I was supposed to come to yours this weekend to get royally pissed as well! I was so looking forward to it as well.

I think you have a massive point about dd growing up. My entire adult life has been spent as a mother to her. And she is now nearly 18. And what is the point of me then? I have a job and other interests etc but in the main it has just been me and her. I looked at her last week and thought that at her age I was about to give birth. As I think about how CRAP I have been sometimes, how I have been distracted with work, when I have snapped at her for losing all the teaspoons, haven't listened to her because my mind was elsewhere. I just want to go back and do it all again but do it PROPERLY.

Thanks so much xx

LeGavrOrf Thu 15-Aug-13 20:56:13

Look at me now putting xxx on my posts.

Lol at so there!

I may as well go the whole hog and call you all Hun xxxx

piratecat Thu 15-Aug-13 20:58:25

can understand you must feel so shocked and sad about it. I hope you get to see the right doc soon.
It's very (understatement) to get a grip with it all and carry on. I am waiting to be diagnosed too, after a bit of a spiral.


BOF Thu 15-Aug-13 20:58:33

(((((((soft hugs))))))))


BIWI Thu 15-Aug-13 21:00:15

Fuck off with the hunning.

LeGavrOrf Thu 15-Aug-13 21:00:16

But I want FIRM hugs <OO Err missus> grin

BIWI Thu 15-Aug-13 21:00:25

<said softly and gently>

LeGavrOrf Thu 15-Aug-13 21:00:34

Hahaha biwi

piratecat Thu 15-Aug-13 21:00:54

bless you. my spiral has also come about from seemingly having a mid life who am i crisis this yr, like you all i have done is be a single mum for 10 yrs.
I suddenly thought, what happens now, as she is about to start secondary, and it felt too much.

I am very sure you will get there. x

LRDYaDumayuShtoTiKrasiviy Thu 15-Aug-13 21:01:17

<feathery strokes>

LeGavrOrf Thu 15-Aug-13 21:02:13

I love that on mumsnet fuck off is said with kindness grin

LeGavrOrf Thu 15-Aug-13 21:03:14

Perhaps it is a mid life crisis.

I should buy a Porsche, a leather jacket and go and chat up whippersnappers in cocktail bars.

Actually that sounds fantastic. grin

LRDYaDumayuShtoTiKrasiviy Thu 15-Aug-13 21:03:35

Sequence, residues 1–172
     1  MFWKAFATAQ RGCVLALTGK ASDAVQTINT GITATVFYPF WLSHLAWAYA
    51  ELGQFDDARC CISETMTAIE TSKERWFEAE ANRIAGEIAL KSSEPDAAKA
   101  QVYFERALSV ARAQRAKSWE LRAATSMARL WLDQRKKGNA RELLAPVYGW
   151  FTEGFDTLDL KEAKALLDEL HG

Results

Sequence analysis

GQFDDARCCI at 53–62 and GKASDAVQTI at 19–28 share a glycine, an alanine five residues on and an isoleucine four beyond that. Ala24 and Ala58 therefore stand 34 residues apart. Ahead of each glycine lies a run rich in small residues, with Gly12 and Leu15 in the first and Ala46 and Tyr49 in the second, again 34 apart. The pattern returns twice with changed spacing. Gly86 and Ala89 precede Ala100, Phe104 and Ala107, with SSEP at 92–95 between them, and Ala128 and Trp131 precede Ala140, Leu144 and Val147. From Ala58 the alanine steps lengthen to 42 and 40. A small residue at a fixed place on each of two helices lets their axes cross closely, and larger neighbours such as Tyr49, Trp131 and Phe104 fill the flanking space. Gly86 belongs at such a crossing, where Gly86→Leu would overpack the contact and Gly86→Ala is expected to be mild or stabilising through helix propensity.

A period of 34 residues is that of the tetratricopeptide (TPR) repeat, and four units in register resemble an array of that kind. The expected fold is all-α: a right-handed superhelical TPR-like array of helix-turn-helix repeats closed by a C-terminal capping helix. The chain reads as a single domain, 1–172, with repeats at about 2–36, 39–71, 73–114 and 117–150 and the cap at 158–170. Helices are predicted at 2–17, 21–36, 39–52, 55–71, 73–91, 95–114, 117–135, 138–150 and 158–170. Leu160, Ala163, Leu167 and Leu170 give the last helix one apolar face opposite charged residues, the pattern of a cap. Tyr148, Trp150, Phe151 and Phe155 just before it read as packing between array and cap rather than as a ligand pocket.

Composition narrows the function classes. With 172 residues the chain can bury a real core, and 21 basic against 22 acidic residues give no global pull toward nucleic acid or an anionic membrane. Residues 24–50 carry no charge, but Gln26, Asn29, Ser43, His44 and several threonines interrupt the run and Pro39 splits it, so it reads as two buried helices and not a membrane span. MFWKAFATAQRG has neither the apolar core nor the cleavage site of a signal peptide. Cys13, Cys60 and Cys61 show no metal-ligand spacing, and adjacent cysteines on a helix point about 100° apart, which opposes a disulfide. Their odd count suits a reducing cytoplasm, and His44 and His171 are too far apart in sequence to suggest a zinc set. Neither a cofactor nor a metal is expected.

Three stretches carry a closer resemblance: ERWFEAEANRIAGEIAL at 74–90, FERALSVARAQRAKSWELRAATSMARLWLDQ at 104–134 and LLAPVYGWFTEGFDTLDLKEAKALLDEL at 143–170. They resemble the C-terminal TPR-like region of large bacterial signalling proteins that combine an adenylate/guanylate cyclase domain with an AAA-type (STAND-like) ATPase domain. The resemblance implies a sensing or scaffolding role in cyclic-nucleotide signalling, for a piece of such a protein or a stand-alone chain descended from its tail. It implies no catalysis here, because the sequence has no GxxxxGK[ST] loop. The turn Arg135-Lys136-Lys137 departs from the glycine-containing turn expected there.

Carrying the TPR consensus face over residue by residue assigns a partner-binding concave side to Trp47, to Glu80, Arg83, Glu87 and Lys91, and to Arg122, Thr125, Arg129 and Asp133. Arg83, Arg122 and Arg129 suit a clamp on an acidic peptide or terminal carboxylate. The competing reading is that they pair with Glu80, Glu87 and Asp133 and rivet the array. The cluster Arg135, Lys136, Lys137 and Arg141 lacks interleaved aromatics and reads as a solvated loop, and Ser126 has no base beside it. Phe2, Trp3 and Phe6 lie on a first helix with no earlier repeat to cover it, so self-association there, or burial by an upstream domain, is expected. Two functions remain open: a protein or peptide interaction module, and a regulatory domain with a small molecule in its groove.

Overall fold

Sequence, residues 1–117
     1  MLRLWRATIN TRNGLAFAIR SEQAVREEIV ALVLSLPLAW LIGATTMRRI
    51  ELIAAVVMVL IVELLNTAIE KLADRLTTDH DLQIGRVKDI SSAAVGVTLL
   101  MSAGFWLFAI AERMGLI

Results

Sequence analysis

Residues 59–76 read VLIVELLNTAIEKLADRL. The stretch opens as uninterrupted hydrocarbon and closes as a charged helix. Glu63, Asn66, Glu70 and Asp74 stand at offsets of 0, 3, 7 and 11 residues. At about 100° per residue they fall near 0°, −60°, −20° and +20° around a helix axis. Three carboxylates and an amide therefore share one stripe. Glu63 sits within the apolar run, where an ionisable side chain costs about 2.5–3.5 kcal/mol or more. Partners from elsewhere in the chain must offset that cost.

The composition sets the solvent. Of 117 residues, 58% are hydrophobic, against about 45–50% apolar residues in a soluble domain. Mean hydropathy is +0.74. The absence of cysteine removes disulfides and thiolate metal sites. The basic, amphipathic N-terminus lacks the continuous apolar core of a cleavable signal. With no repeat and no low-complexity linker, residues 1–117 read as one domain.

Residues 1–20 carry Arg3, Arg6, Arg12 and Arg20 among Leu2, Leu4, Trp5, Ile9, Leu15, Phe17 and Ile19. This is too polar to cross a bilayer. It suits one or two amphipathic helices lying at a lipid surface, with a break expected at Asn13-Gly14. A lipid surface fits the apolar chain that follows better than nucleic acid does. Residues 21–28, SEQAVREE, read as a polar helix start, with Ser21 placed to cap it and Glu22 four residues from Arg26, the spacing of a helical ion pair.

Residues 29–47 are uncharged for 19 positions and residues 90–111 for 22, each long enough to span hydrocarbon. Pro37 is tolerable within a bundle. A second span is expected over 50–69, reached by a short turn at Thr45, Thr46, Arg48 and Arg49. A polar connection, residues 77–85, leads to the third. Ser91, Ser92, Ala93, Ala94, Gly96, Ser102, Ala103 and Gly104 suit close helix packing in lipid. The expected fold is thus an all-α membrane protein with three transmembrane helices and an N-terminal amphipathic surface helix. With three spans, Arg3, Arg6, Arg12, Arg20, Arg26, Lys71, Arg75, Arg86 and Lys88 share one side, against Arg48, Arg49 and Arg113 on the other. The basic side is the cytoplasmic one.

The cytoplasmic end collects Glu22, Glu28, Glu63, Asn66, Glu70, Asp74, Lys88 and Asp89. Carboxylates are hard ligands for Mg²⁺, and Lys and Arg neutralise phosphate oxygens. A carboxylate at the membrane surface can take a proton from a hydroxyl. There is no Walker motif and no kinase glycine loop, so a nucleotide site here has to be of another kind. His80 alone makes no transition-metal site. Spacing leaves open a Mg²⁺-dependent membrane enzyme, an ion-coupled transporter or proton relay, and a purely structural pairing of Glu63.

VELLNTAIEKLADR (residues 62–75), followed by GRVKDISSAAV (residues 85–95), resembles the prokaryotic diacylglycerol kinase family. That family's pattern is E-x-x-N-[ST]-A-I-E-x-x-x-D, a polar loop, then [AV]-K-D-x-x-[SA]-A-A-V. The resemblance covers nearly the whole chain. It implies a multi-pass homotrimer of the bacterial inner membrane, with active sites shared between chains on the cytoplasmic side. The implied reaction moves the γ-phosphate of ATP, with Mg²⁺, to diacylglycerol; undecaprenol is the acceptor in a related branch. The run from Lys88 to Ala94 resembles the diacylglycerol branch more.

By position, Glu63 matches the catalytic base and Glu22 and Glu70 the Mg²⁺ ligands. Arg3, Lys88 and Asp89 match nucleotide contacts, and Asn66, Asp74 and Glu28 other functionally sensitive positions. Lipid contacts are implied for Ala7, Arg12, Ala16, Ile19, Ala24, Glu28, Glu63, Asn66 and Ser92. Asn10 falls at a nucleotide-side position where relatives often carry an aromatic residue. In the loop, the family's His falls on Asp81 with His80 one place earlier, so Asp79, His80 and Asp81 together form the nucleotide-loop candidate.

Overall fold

I will say, getorf, your DD is going to need you for a heck of a lot longer yet. I know that's not an answer to you feeling as if that's 'who you are' - but you've still got the bits to come where she gets soppy with you looking back, and tells you how lovely you were (honestly, she will ...), and when she has her own and needs you around to tell her it's going to be ok.

LeGavrOrf Thu 15-Aug-13 21:06:03

Thank you all again.

lissieloo Thu 15-Aug-13 21:09:01

Ooooh, you should def do that!! My friend's mum had a mid-life crisis. She bought an MG and picked her up from school in a red leather catsuit. She was fabulous!

MinnieBar Thu 15-Aug-13 21:09:14

You could shop around a bit with therapists - you don't have to stick with the first one you try. It's really important to feel safe and secure, especially if you're going to go back over long-hidden (with good reason) and painful stuff.

I don't think we're on hugging terms (awkward or other), but I'm shoving a virtual box of balm-coated tissues in your general direction…

LeGavrOrf Thu 15-Aug-13 21:11:47

I used to have a red MG! It was a bitch to drive, clutch really sensitive and I stalled it all the time. Which was embarrassing at traffic lights when you are there looking like a twat with convertible hair all over the place.

And then the gasket blew on the M5 and I had to sit on the hard shoulder with a mini skirt on.

Lol at the balm coated tissues.

BIWI Thu 15-Aug-13 21:12:22

Maybe you should have a gap year? Reclaim a bit of your youth back?

lissieloo Thu 15-Aug-13 21:13:10

BIWI, that's a great idea!

MinnieBar Thu 15-Aug-13 21:21:10

Was it like that scene in Bridget Jones when she loses her scarf and her hair is like a bird's nest by the time they get to their mini-break?

Balm tissues = essential therapy tool. Fact.

LeGavrOrf Thu 15-Aug-13 21:21:42

That would be fantastic. Dd and i have said for years that we would love to go inter railing around Eastern Europe.

I am worried about my job, but they have been really supportive (after being arseholes for 6 months).

LeGavrOrf Thu 15-Aug-13 21:23:01

Yes that is exactly what my hair was like grin

If you saw a blonde woman in Bristol driving a red MG looking like someone from Bananarama after a hairspray explosion that was me.

reelingintheyears Thu 15-Aug-13 21:24:36